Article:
Thursday, September 24, 2015

Permission to Be My Mommy-Self

When I became a mom, I had an unspoken list of things I thought "good" moms did for their children. The more children I had, the longer the list became, and the more guilt poured onto my head when I didn't accomplish each item.

The funny thing is, I wasn't aware of this list until I failed at it.

Here are just a few things I've felt guilty about over the years (if you do these things and enjoy them, I applaud you, because you've given yourself permission to be your mommy-self):

1. I don't bake birthday cakes. I made two or three before I realized how much stress this brought into my life while I was trying to host a party for my children. The first time I *gasp* bought a store-bought cake I almost cried.

2. I don't scrapbook or keep track of childhood milestones. I tried, desperately, and my oldest has a beautiful book with all this information from her first year of life...my second child has about half of the information (and that was added by memory months later)...my twins have no books to speak of.

3. I hate playing board games, and Barbie Dolls, and Legos--and almost anything that has to do with toys. I've tried, numerous times, but I think I've lost my imagination and patience for these things.

4. I like cooking by myself, usually because I'm in a hurry, so I was horrible at letting my kids help me in the kitchen when they were young.

5. I don't often bundle up and play outside with my kids in the winter. I think this one is self-explanatory.

6. I don't do art projects with my children at home.

These are just a few things I don't (or didn't) do, and for many years I felt horrible about myself as a mother because of them. When I talk to moms who love having their kids in the kitchen, or who have "art tables" and "art corners" in their house full of lots of fun art supplies, I would chastise myself. When I saw a mom romping through the snow, or playing a board game, or sharing pictures of their children's scrapbooks, I would ask myself why I was such a failure...and don't get me started on the mom who makes a masterpiece out of flour, sugar, and eggs...

When I was feeling especially guilty, I would try my hardest to do these things. I would buy the supplies to make a fun snack (cooking AND art in one!). But I didn't have fun, and would end up crabby or irritated before the event was over.

Finally, I realized something very important. It wasn't my job to be the "perfect" mom, or even a "good" mom.

It was my job to be the mom God created me to be, for the children He created them to be.

Other moms enjoy all the things I just listed above--but I don't--and that's okay.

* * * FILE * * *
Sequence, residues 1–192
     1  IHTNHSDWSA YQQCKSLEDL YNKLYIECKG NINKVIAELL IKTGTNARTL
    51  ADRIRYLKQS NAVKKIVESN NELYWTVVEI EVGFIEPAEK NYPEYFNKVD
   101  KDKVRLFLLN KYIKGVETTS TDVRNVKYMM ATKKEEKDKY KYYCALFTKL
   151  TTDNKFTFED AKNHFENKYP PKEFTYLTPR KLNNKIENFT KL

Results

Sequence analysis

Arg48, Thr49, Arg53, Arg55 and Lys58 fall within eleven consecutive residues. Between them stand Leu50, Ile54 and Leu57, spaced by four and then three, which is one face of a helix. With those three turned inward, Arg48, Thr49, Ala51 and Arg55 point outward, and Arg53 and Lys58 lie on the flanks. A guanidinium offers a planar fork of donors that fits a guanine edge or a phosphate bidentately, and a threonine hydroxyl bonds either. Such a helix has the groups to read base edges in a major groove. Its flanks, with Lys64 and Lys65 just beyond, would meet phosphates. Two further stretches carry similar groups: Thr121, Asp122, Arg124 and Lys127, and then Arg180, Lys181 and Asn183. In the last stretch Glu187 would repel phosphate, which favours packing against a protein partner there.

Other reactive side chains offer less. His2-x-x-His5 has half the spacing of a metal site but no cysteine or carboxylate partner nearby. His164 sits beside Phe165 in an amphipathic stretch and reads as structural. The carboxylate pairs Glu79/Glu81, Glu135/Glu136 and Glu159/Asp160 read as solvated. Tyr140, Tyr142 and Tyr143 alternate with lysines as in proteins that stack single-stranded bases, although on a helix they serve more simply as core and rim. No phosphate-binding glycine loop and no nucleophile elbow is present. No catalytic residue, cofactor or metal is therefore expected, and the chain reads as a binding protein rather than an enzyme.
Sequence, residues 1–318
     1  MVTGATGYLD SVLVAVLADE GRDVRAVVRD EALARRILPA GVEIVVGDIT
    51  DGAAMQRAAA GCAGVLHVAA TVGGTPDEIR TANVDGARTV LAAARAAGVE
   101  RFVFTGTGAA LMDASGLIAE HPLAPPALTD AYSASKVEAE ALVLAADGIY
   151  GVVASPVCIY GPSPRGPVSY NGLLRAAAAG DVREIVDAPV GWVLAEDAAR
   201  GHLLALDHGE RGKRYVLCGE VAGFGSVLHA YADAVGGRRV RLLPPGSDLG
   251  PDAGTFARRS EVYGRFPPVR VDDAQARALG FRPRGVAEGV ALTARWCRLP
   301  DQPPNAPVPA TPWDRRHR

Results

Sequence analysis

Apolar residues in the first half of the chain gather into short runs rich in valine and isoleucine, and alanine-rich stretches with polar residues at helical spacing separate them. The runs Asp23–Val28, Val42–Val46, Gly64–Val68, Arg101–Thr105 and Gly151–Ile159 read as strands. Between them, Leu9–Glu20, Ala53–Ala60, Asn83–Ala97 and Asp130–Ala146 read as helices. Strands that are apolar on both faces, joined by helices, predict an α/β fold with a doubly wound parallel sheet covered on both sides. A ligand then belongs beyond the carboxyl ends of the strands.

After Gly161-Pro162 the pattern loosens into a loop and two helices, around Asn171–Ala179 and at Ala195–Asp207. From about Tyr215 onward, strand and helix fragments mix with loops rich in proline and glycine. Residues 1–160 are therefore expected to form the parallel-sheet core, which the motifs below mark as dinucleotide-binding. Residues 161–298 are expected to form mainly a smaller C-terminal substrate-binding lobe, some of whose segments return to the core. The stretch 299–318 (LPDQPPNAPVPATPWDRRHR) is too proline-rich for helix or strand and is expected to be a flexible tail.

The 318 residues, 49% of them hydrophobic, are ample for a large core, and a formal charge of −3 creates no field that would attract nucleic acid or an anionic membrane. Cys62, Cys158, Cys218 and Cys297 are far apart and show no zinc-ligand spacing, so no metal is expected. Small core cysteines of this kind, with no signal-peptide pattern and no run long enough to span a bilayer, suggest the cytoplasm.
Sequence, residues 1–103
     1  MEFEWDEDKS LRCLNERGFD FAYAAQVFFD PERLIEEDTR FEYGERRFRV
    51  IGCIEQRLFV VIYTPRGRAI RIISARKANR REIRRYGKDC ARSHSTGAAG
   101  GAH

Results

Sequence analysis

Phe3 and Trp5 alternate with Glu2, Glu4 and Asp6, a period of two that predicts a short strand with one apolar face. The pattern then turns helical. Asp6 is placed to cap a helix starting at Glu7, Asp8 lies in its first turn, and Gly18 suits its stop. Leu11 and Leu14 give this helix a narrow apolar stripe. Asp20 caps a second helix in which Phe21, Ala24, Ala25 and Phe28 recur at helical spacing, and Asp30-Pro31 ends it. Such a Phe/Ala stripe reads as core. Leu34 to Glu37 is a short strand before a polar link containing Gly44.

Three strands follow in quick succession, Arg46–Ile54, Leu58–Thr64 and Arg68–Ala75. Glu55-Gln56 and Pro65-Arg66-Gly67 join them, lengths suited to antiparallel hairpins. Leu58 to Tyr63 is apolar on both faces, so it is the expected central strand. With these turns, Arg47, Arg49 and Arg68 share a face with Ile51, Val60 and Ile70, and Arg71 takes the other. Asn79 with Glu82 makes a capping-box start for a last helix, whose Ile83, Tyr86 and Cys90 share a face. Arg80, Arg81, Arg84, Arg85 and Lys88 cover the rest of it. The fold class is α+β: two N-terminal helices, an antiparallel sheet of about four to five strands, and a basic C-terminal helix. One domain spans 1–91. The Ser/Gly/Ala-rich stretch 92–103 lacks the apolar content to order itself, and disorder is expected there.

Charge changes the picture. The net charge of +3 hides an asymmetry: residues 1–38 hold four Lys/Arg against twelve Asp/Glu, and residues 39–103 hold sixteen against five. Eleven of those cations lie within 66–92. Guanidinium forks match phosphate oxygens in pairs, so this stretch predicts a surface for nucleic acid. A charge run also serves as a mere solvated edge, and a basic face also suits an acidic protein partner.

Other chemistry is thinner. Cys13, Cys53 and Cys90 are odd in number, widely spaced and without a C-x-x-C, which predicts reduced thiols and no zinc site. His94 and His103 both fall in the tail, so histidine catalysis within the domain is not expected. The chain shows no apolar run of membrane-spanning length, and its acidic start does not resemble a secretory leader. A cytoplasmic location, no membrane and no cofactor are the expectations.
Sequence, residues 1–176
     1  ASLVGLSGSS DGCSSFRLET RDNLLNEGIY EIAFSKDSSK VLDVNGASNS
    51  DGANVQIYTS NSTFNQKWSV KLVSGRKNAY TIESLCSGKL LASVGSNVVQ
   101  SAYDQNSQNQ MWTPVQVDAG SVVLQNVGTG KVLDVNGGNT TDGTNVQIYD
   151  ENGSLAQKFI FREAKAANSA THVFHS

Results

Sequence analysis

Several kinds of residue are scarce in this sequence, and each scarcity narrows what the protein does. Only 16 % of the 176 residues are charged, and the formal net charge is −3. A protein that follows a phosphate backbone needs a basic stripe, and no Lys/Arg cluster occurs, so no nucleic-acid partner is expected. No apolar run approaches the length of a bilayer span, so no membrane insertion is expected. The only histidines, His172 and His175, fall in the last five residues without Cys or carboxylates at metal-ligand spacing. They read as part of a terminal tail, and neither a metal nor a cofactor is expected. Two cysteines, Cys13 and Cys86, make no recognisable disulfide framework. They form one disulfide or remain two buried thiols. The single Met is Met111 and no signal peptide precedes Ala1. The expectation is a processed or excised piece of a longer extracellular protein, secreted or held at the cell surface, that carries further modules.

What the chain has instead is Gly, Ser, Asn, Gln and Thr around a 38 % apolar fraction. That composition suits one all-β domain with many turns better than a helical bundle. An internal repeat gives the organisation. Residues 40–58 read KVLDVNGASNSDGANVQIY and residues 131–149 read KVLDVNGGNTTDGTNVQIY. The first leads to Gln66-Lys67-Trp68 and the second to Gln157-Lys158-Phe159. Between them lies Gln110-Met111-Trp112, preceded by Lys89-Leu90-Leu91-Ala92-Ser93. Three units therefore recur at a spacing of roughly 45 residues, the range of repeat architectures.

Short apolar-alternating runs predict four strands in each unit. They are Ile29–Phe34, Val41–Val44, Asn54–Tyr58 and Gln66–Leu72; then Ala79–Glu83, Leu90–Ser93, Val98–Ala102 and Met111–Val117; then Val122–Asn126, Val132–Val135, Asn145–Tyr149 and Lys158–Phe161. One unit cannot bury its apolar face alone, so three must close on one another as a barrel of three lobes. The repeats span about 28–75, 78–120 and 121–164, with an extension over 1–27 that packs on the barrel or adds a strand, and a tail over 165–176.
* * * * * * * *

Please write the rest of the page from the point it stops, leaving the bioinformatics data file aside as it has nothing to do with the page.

1. My children still get birthday cakes (and they're much prettier than I could ever make them!).

The boys' third birthday. I paid a friend to make their cakes,
and they loved them!
2. My children don't have scrapbooks, but I have a journal for each one, which I started during my pregnancies. Every few months, I pour out my heart on the page for each child. I talk to them about what they're doing, what I'm feeling, what my hopes and prayers are for their futures, and unique things about each of their personalities. This, for me, is part of my love language, and a far better gift I can offer than estimated milestones on a calendar.


3. I don't play with the kids' toys, but I take my children to historic sites, and to museums, and to the park, and on walks, and swimming in the lakes and rivers. I read to them, and talk to them, and listen to them. We have campfires with s'mores, and we watch classic movies, and go to the library, and we invite friends, neighbors, and family over. We go to amusement parks, and waterparks, and we play mini-golf. I have found ways I can spend quality time with my children that we both enjoy, and in the process, I'm teaching them and loving on them. Just last night, as I was reading one of my favorite books to my daughters, one of them did a little squeal and said: "I LOVE this book!"

 
4. My kids didn't spend much time in the kitchen as young children, but we spend time at the table together during meals (even meals in restaurants), and now that they're older, I've taught them how to cook age-appropriate meals (so I don't have to do so much cooking!).
 

 
5. Even if I don't go outside in the winter, my children do. Sometimes, as a parent, we have to do things we don't like, but then there are other times we can find alternatives! I bundle up the kids, send them out to play, and then make hot chocolate for them when they come inside. :) We're all happy.